Were Carlos Tevez a cartoon character, the ground the hyperactive hurricane of a striker covered would disappear into clouds of dust. Yet the non-stop running that characterises his play is mirrored in his seeming wanderlust. The general pattern is that, after two seasons anywhere, he heads for the departure lounge.
His quest to leave Manchester City, however, runs several risks. The first is that, as it was at Old Trafford, his legacy will be tarnished. Tevez was once adored by the Manchester United faithful; now he is abused by them.
He may be spared persona non grata status at Eastlands, but the notion of the captain and catalyst remaining a cult hero is unlikely, whether or not he finds new employers.
In one respect his motives are beyond criticism — a father's wish to spend more time with his daughters is entirely understandable — yet his judgement is questionable.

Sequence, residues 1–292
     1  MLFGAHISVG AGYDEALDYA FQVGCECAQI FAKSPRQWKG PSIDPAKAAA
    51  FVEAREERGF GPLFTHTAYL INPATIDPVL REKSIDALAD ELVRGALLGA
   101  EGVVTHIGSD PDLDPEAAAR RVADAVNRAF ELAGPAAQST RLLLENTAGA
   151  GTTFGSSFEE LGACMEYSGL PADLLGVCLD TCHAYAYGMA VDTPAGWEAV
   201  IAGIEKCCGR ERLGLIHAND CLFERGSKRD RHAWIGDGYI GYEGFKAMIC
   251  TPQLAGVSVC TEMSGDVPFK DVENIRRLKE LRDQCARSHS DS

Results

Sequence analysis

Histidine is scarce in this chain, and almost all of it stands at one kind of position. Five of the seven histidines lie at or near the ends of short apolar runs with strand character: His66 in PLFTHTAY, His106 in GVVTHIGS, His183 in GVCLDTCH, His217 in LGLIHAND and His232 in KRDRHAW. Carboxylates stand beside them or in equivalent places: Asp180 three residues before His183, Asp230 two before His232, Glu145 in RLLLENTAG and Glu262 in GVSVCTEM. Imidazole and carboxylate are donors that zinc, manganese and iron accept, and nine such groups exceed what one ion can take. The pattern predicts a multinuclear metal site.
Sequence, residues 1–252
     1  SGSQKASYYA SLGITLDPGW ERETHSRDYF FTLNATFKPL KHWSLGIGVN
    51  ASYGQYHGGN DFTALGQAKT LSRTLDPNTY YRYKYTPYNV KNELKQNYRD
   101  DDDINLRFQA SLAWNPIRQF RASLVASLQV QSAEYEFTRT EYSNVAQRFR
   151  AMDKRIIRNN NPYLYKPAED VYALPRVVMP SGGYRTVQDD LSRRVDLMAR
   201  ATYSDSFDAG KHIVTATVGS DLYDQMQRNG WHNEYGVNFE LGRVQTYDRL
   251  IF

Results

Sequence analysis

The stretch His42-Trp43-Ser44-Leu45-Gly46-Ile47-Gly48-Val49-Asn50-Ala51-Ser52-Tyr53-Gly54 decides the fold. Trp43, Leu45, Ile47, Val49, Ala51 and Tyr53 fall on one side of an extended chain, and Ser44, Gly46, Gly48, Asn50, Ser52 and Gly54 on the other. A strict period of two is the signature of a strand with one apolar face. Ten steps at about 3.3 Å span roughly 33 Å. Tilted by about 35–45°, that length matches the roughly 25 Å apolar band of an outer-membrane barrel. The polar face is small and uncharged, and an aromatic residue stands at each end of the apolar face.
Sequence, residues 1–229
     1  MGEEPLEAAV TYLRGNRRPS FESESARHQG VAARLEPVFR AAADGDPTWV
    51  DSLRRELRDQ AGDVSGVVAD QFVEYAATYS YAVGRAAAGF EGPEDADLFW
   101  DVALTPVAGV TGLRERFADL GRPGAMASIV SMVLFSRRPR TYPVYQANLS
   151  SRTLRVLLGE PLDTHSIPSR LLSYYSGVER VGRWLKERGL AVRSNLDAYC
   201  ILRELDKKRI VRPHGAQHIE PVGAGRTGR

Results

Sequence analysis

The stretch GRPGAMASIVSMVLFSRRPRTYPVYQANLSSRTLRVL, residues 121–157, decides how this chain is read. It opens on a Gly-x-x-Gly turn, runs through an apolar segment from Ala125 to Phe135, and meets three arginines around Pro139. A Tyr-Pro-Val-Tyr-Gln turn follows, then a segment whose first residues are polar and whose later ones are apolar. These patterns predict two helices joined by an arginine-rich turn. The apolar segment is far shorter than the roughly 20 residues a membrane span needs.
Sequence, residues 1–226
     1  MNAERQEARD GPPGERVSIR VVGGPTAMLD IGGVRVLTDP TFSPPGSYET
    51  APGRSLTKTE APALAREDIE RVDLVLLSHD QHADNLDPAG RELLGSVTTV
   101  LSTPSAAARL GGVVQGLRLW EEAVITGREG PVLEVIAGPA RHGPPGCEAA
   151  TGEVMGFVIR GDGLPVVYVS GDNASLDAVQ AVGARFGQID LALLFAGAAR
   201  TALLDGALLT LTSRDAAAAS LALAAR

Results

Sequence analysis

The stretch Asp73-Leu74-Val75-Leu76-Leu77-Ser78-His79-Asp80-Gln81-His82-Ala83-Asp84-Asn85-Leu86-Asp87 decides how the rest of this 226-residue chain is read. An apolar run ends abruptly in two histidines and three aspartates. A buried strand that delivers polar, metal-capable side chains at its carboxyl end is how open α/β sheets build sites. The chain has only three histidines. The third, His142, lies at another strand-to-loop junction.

Given the regularity of the upheaval caused by Kia Joorabchian, his agent, City may stop pandering to him. Meanwhile, clubs with the desire and financial resources to pluck Tevez from Eastlands and give the Argentine the income to which he is accustomed are few and far between. For an outstanding footballer, he has few options.
It is possible that a man at the peak of his powers is left to sulk in the reserves. It would be an extraordinary outcome, but then Tevez's incessant movement has made his career an exercise in chaos theory. Normally it bodes badly for opponents. Now it may backfire on him.